After their exodus from Earth, the last humans settled a remote planet, Nova Prime. When an alien force known as the Skrel descended from the skies, the United Ranger Corps, an elite defense unit, valiantly resisted. Centuries passed without an attack, and many colonists believed that, with other security measures in place, the resources devoted to maintaining their military strength would be better spent elsewhere. Little did they know that trouble was coming to Nova Prime—and it had a taste for blood.
The latest in a long line of decorated warriors, Conner Raige is one of the Rangers’ most promising young cadets, although his brash confidence and tendency to act on instinct have earned him as many skeptics as admirers. Conner’s ancestors were on the front lines of humanity’s victory against the Skrel. But when a deadly ground war breaks out, Conner’s up against an entirely different beast—because, this time, the Skrel have brought a secret weapon: ferocious killing machines designed to eliminate humanity from Nova Prime . . . and the universe.
BONUS: Includes the first three novellas of Ghost Stories, the thrilling eBook original prequel series!
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About the Author
Robert Greenberger is a veteran writer and editor. His freelance writing career spans fiction and nonfiction. Previously for Random House, he has written The Essential Batman Encyclopedia and Iron Man: Femme Fatales. He makes his home in Connecticut.
Peter David’s novels include the fantasies Tigerheart, Sir Apropos of Nothing, The Woad to Wuin, Knight Life, and the quirky werewolf story Howling Mad. He is famous for writing some of the most popular original Star Trek: The Next Generation novels, including Imzadi and A Rock and a Hard Place. He collaborated with J. Michael Straczynski on the Babylon 5 novels and comic book series, and with Bill Mumy he created the Nickelodeon television series Space Cases.
Read an Excerpt
“Think they’re getting tired of eating dirt?” asked Meredith Wilkins, Prime Commander of the United Ranger Corps of the planet Nova Prime.
“It builds character,” said Commander Elias H¯aturi, her right-hand man. He took a noisy bite of his Nova Prime apple, which had been grown from the seeds humankind had brought with it from Earth.
“The grit’s good for their digestion,” added Commander Bonita Raige, a short woman with close-cropped blond hair except for a white patch in the back from a field injury. She had been advising the Prime Commander for years but had joined Wilkins’s staff only recently.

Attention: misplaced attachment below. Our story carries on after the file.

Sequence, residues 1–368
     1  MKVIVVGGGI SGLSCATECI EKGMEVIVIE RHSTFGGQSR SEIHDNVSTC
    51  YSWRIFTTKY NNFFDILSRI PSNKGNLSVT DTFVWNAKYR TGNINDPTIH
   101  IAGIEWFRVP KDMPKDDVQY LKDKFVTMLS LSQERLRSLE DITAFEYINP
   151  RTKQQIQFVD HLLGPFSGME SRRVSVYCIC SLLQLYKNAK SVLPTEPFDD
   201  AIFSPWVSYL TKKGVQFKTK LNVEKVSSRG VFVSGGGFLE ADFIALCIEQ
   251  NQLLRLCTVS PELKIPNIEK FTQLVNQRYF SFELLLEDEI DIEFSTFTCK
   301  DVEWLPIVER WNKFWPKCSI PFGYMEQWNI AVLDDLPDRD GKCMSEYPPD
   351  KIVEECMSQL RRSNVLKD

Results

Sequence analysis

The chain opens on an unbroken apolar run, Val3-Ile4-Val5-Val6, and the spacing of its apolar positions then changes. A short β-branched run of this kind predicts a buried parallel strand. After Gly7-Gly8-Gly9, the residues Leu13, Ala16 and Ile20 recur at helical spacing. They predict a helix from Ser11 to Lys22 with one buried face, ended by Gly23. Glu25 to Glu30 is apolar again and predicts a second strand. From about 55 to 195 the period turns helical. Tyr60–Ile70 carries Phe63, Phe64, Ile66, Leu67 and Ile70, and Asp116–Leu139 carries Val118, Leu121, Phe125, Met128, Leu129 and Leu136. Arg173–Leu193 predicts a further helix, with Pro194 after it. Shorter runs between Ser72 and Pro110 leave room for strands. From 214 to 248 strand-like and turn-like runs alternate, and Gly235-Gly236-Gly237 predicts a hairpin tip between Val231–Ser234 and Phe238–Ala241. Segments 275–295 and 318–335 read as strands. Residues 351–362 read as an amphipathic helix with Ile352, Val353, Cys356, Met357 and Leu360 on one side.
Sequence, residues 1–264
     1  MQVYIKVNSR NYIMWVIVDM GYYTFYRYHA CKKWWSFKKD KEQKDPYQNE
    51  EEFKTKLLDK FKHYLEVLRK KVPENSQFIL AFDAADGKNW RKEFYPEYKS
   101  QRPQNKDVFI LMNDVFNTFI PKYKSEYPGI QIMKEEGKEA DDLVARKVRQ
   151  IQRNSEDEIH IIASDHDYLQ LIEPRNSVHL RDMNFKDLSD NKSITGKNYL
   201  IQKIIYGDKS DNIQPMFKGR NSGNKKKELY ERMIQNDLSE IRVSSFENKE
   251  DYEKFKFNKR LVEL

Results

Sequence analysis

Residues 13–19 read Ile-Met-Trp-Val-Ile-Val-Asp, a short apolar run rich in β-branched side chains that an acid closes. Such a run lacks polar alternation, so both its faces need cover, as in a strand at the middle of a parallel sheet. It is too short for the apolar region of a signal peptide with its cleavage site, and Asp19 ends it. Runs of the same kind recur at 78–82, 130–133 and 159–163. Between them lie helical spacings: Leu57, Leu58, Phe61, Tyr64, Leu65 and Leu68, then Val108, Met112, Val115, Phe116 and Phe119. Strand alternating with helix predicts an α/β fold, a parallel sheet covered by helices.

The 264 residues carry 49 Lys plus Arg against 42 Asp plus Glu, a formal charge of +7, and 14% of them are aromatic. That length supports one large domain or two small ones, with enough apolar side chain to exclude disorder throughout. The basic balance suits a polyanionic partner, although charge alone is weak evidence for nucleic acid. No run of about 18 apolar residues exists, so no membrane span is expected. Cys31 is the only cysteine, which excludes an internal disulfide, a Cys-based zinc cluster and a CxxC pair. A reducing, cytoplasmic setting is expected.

On several screens before them, three color-coded squads of armed Ranger cadets were scrambling across a craggy red stretch of desert, each one trying to obtain a strategic advantage without being seen by its opponents. The squads had started out with a dozen cadets apiece in this mock battle, but they all had felt the toll of one skirmish after another.
There were no real injuries, of course. Just a color change in a light-sensitive disk worn on the back when it was hit by an adversary’s laser beam. Anyone so tagged had been forced to leave the game.
Blue Squad had taken the worst of it. Led by Erdmann, the most experienced of the cadets, the squad nonetheless had gotten caught in a most costly ambush. Erdmann had only two subordinates left.
Green Squad hadn’t fared much better. It had sustained seven casualties, including Cheng, its mission leader. Earlier in the day, Cheng had made a heroic sacrifice that allowed her squad mates to escape. Wilkins didn’t hold out much hope for the five remaining Reds. In her experience, squads didn’t last long once they lost their leader.
Red Squad, at this point, had to be the odds-on favorite to win the exercise. It still had nine cadets to its name thanks to the canny leadership of Lucas Kincaid, a lean, strong kid with aquiline features. Wilkins had had her eye on Kincaid ever since he’d signed on. The kid had a knack for getting others to follow him and buy into his strategies, which were always calculated to eliminate his opponents.
So far Kincaid had done just that. With Blue on the run, victims of his most recent assault, Kincaid was turning his attention back to Green. Unfortunately for its chances, Green had retreated into a deep, high-walled valley.
As Wilkins watched, Kincaid took advantage of Green’s error by following them in. First he fanned his cadets out on either side of him, filling the narrow confines of the valley. Then he marched them in pursuit of Green on the double. At this rate, they would catch up with the Green Squad in no time, and Red’s nine-wide formation would prevent any of the enemy from escaping their net.
“What do you think?” she asked her commanders.
“He knows what he’s doing,” Raige said.
“Has all along,” observed H¯aturi, who was big and barrel-chested. He tossed his apple core into a waste aperture in the wall. “Then again, he’s a Kincaid. He didn’t exactly come from nowhere.”
The name Kincaid, Wilkins reflected, had been an important one in the four-hundred-year history of humankind on Nova Prime. Kincaids had been key figures in the Rangers, in the science corps led by the Savant, and even in the religious order led by the Primus. It was good to see that young Lucas had inherited the best of his family’s genes.
Wilkins turned to Raige. “You have a nephew in the games, don’t you, Bonita?”
Raige shot a look at the Prime Commander. “You know I do.”